Letters and Manuscripts — Volume 13 (1898)


Ms 105, 1898

The Education Our Schools Should Give


August 26, 1898

Portions of this manuscript are published in HFM 38-42; PM 149-150; 1MR 392; 2MR 212; 4MR 244; SpM 134-140. +Note

As we are about to establish our facilities for the manufacture of health foods, the question has come up: How shall we treat this matter? Where shall we locate the work so important to ourselves and to the school established in Cooranbong? Shall this branch of business be established in Cooranbong, and thus open ways and means whereby many more students may obtain an all-round education? 13LtMs, Ms 105, 1898, par. 1

From the light given me in regard to the location and building up of our school interests, I know that it is the purpose of God that this institution be established at a distance from the city that is so full of temptations and snares, of amusements and holidays, which are not conducive to purity and piety and religious devotion. He designs that we shall connect manual labor with the improvement of the mental powers. I have been shown that study in agricultural lines should be the A B and C of the educational work of our school. This institution must not depend upon imported produce for the fruits so essential to healthfulness, and for their grains and vegetables. This is the very first work that must be entered upon. Then as we shall advance and add to our facilities, advance studies and object lessons should come in. We are not to subtract from that which has already been taken hold of as a branch of education. 13LtMs, Ms 105, 1898, par. 2

From the light given me is to be opened to our youth means whereby they, while attending school, may learn how to use tools. Buildings should be erected on the school grounds by the students themselves. Under the guidance of experienced workmen, carpenters who are apt to teach, patient [and] kind, the youth are to learn how to build economically. Then, it is essential that our printing should be done where our principal school is established, and we should have a printing press and fonts of type where another class of students may be trained to manage everything connected with typesetting and press work. 13LtMs, Ms 105, 1898, par. 3

Again, our youth, both men and women, should be taught how to cook savingly, and to dispense with every thing in the line of flesh foods. This is a very serious matter to the world. Thousands of human beings who subsist upon the flesh of dead animals are suffering and dying from causes of which they are ignorant. By painstaking effort they can be taught to discriminate between a proper healthful diet and the use of flesh meats. No encouragement should be given in the training of our youth to prepare dishes which are composed in any degree of flesh meats, for this is pointing to the darkness and ignorance of Egypt rather than to the purity of health reform. Teach the students to prepare healthful drinks from grains suitably prepared to take the place of tea. This drink is unhealthy in its purest preparation; and it is so adulterated, mixed with other ingredients that resemble tea, that it has become a dangerous beverage. 13LtMs, Ms 105, 1898, par. 4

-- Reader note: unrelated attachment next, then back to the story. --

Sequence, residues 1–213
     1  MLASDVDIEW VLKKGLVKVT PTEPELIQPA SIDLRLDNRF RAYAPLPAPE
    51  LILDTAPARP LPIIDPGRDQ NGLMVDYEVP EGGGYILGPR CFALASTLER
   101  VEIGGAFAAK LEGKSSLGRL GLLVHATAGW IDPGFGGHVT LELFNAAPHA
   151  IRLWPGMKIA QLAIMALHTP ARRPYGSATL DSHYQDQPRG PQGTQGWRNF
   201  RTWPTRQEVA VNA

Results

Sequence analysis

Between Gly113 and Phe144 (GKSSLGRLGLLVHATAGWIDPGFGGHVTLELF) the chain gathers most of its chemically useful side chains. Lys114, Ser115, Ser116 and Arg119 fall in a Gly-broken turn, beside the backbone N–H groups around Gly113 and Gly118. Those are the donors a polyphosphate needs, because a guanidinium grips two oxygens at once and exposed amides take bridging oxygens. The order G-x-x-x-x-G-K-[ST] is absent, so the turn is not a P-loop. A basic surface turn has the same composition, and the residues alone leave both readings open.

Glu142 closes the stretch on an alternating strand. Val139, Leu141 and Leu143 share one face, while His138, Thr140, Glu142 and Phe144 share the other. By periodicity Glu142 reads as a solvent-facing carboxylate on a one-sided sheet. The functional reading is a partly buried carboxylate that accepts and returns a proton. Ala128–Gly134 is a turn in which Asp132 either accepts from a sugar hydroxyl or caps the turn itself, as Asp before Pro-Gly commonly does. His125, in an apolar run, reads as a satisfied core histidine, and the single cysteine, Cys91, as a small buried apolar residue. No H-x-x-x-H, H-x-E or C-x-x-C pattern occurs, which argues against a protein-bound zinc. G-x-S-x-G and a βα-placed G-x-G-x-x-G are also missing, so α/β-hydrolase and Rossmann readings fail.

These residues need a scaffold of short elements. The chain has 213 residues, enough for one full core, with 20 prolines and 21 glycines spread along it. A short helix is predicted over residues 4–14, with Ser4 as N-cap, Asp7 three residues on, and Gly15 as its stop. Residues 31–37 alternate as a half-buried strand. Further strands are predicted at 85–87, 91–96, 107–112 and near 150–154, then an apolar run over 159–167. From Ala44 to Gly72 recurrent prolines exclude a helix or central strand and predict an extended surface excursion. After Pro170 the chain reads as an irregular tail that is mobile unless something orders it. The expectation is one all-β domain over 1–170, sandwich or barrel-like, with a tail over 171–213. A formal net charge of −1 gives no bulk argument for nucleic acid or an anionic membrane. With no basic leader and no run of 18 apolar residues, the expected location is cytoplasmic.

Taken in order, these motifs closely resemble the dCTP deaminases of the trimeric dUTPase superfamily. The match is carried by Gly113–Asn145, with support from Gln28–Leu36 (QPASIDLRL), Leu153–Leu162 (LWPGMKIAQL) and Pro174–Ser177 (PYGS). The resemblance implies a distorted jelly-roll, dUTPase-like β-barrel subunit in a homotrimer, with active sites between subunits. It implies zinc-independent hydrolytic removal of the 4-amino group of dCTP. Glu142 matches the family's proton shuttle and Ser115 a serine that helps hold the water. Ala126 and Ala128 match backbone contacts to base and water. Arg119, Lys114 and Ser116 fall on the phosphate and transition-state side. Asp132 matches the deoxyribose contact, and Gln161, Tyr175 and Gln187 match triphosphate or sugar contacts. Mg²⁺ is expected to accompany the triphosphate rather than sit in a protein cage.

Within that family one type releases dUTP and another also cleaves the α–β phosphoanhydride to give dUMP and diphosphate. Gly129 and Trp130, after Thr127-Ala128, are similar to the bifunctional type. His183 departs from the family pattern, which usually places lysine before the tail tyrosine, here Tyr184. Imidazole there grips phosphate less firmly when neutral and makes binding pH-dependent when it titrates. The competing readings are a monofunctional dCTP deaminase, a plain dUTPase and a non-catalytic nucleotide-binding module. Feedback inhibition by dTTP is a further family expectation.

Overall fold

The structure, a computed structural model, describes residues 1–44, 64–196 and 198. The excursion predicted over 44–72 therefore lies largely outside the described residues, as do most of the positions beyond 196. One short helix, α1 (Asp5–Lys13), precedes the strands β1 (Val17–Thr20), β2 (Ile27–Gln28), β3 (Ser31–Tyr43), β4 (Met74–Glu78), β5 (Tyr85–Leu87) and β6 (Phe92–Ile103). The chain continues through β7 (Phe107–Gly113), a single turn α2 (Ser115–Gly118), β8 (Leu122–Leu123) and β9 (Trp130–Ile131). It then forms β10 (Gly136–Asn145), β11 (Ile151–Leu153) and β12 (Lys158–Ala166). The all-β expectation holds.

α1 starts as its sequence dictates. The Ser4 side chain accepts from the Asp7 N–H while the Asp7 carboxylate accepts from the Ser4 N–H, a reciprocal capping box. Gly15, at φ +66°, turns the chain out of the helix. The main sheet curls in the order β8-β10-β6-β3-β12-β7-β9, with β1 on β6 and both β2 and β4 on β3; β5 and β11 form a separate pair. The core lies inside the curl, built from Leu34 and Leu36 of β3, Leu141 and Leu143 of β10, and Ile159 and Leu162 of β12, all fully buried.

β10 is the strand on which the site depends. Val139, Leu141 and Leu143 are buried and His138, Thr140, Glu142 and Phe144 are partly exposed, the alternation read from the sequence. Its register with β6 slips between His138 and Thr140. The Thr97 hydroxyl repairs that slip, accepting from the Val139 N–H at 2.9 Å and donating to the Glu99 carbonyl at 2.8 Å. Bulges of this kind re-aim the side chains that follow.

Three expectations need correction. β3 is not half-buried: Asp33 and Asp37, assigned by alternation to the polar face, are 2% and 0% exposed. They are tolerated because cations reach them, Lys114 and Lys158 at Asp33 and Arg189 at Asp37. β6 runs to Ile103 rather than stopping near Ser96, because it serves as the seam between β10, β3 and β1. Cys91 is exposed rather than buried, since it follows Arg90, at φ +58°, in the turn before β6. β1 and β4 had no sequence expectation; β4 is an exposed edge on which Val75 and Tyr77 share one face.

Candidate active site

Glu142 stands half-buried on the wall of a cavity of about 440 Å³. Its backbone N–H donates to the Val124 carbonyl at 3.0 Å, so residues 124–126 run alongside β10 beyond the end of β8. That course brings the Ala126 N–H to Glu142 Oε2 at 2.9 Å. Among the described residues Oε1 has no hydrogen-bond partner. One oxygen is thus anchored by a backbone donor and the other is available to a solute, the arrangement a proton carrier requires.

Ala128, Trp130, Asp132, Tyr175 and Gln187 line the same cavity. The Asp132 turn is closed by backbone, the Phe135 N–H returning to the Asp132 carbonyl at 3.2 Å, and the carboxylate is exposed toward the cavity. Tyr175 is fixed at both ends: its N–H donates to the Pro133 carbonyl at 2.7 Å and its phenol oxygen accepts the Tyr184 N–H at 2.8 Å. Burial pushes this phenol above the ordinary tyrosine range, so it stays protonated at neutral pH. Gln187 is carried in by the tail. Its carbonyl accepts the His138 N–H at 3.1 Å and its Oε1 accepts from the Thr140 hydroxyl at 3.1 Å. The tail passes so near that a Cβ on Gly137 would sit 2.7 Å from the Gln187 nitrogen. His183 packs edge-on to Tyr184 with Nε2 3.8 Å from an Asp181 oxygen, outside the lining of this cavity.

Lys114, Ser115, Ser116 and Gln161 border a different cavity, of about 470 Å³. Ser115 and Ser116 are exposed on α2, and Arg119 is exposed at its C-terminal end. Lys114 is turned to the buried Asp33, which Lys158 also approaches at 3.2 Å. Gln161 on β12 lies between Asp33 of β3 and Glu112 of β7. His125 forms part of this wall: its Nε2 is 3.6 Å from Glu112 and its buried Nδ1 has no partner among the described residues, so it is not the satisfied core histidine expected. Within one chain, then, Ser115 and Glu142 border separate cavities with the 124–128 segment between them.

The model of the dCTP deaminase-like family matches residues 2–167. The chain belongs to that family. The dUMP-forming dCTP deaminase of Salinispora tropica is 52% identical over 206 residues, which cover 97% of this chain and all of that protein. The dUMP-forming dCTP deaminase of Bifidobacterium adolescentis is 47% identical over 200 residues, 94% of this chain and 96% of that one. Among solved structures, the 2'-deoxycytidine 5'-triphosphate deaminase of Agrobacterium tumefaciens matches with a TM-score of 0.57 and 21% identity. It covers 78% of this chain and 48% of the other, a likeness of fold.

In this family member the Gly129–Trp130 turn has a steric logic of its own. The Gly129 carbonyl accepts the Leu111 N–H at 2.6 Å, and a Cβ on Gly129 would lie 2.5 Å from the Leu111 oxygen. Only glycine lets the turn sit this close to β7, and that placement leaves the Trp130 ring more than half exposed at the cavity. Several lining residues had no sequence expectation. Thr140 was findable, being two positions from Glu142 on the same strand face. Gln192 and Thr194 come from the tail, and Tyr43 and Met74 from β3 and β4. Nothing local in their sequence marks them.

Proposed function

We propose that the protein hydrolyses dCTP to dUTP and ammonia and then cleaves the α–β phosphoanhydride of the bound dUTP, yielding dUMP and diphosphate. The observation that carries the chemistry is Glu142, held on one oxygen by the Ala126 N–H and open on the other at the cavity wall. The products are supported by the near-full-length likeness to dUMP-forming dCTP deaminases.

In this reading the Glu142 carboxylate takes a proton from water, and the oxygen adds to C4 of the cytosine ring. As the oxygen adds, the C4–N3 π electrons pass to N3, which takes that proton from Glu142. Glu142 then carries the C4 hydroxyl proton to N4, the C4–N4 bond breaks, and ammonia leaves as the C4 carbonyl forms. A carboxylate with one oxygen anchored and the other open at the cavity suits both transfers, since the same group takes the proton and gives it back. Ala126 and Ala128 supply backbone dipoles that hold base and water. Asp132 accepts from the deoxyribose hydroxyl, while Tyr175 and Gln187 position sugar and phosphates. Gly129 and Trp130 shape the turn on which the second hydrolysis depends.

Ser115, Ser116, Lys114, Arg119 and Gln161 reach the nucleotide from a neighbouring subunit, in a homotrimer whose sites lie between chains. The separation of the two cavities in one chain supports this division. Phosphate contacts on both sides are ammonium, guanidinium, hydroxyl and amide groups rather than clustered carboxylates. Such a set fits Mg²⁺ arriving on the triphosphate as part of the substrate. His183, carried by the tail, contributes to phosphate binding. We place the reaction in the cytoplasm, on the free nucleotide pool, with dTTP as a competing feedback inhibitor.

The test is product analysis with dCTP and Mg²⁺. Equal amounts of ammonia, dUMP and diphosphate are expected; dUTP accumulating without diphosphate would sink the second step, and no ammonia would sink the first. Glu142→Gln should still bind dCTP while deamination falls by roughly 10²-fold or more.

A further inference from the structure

All the arts are to come into the education of the students. Even in the school at Avondale there are too many studies taken by the students. The youth should not be left to take all the studies they shall choose, for many will be inclined to take more than they can carry; and if they do this, they cannot possibly come from the school with a thorough knowledge of each study. There should be less study of books, and greater painstaking effort made to obtain that knowledge which is essential for practical life. The youth are to learn how to work interestedly and intelligently, that, wherever they are, they may be respected because they have a knowledge of those arts which are so essential for practical life. In the place of being day laborers, under an overseer, they are to strive to be masters of their trades, to place themselves where they can command wages as good carpenters, printers, or as educators in agricultural work. 13LtMs, Ms 105, 1898, par. 5

If the brain is overtaxed by taking too many studies, the student is robbed of physical health. This can only be secured to him by the exercise of the muscles. The human machine must be taxed proportionately or health and vigor cannot be maintained. When the brain and muscle work proportionately, the youth can bring to the study of the Word of God healthy perception and well-balanced nerves. They can have wholesome, healthful thoughts, and can retain the precious things that are brought from the Word. They will digest its trusts, and as a result will have brain power to discern what is truth. Then, as occasion demands, they can give to every man that asketh a reason of the hope that is in them with meekness and fear. 13LtMs, Ms 105, 1898, par. 6